1. Computers
  2. Display Drivers
  3. Graphics Cards
  4. Memory
  5. Motherboards
  6. Processors
  7. Software
  8. Storage
  9. Operating Systems


Facebook RSS Twitter Twitter Google Plus


Phoronix Test Suite

OpenBenchmarking.org

VIA KMS Linux Driver Still Far From Being Ready

VIA

Published on 07 June 2011 09:50 AM EDT
Written by Michael Larabel in VIA
Comment On This Article

In the KMS (kernel mode-setting) world there is not only news today to report on a new open-source Freescale KMS driver, but on the state of VIA's kernel mode-setting driver. VIA Technologies may have killed off their open-source strategy, but for the past number of months there's been a developer writing a VIA KMS/TTM DRM driver that would work with the OpenChrome user-space X.Org driver.

The last time really mentioning this VIA KMS work by James Simmons was back in March when the driver was working on the VIA OLPC notebook, but there's been not much more since then nor was there any news when it came time for the Linux 3.0 kernel merge window to be opened and the code could have been pushed.

Following a user inquiry on the OpenChrome mailing list, James Simmons has provided an update on the driver. Simply put, lots of work on this code is left before it will be merged into the Linux 3.x kernel tree. "Going mainline will not be for a while. The main line driver has been in a state of decay for some time. The driver we work on is currently growing since it attempts covers several generations of VIA hardware. So alot of work needs to be done. KMS is being implemented but it's currently turned off by default. Unfortunely turning on KMS gives you the black screen of death. PLL needs to be programmed as well as the display fifo. TTM is mostly implemented. Fencing needs to be done. I plan to finish the TTM layer soon and start working on the xorg driver to use this layer."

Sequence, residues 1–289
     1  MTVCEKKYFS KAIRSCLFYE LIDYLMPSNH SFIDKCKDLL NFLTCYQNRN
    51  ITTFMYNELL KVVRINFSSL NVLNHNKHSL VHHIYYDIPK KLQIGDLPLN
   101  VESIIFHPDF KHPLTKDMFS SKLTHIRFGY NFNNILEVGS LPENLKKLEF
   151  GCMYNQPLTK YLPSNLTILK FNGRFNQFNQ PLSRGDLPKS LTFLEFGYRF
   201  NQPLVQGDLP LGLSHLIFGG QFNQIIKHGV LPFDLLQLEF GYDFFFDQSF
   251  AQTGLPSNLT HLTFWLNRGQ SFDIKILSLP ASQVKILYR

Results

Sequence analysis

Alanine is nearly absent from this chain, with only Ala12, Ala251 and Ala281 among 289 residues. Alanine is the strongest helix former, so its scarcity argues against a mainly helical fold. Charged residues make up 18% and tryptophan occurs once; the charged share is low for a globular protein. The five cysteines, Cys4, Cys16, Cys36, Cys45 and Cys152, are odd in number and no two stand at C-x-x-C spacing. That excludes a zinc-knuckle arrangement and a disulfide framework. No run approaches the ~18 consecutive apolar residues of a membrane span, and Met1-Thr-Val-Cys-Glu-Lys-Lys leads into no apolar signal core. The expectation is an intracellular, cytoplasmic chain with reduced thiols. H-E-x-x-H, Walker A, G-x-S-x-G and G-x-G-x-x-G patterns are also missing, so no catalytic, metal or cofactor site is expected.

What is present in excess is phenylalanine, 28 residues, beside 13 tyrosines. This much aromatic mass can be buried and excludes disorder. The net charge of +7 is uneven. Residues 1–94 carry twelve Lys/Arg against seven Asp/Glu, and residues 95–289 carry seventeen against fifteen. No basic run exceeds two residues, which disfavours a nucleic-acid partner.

James also confirms he hasn't been doing any VIA Mesa work nor hooking in the previous VIA Mesa/DRM work done before by Thomas Hellström, a Tungsten / VMware developer.

About The Author
Michael Larabel is the principal author of Phoronix.com and founded the web-site in 2004 with a focus on enriching the Linux hardware experience and being the largest web-site devoted to Linux hardware reviews, particularly for products relevant to Linux gamers and enthusiasts but also commonly reviewing servers/workstations and embedded Linux devices. Michael has written more than 10,000 articles covering the state of Linux hardware support, Linux performance, graphics hardware drivers, and other topics. Michael is also the lead developer of the Phoronix Test Suite, Phoromatic, and OpenBenchmarking.org automated testing software. He can be followed via and or contacted via .
Latest Linux Hardware Reviews
  1. A Walkthrough Of The New 32 System Open-Source Linux Benchmarking Test Farm
  2. Habey MITX-6771: Mini-ITX Board With Quad-Core J1900 Bay Trail
  3. OCZ Vector 150 SSD On Linux
  4. Noctua i4 CPU Cooler: Great For Cooling High-End LGA-2011v3 CPUs
Latest Linux Articles
  1. AMD Kaveri: Open-Source Radeon Gallium3D vs. Catalyst 14.12 Omega Driver
  2. 12-Way AMD Catalyst 14.12 vs. NVIDIA 346 Series Linux GPU Comparison
  3. AMD Catalyst 14.12 Omega Driver Brings Mixed Results For Linux Users
  4. 6-Way Winter 2014 Linux Distribution Comparison
Latest Linux News
  1. Civilization: Beyond Earth Linux GPU/Driver Benchmarks
  2. X.Org Server 1.16.3 Released To Fix Security Issues
  3. Linux 3.19 Merge Window Closes Ahead Of Schedule
  4. MIPS R6 Architecture Now Supported By GCC
  5. LowRISC To Feature Tagged Memory & Minion Cores
  6. Intel Skylake Audio Support For Linux 3.19
  7. After 10+ Years, NetworkManager Reaches v1.0
  8. VDPAU Updated To v0.9
  9. An Open Hardware Random Number Generator Proposed
  10. LLVM 3.6 Will Be Branched Next Month
Latest Forum Discussions
  1. Are there an app using HSA ?
  2. Need some hand holding with upgrading xserver
  3. The New SuperTuxKart Looks Better, But Can Cause GPU/Driver Problems
  4. XLennart: A Game For Systemd Haters With Nothing Better To Do
  5. Updated and Optimized Ubuntu Free Graphics Drivers
  6. Debian init discussion in Phoenix Wright format
  7. FPS capped on Linux (AMD fglrx drivers)
  8. Bench specific mount point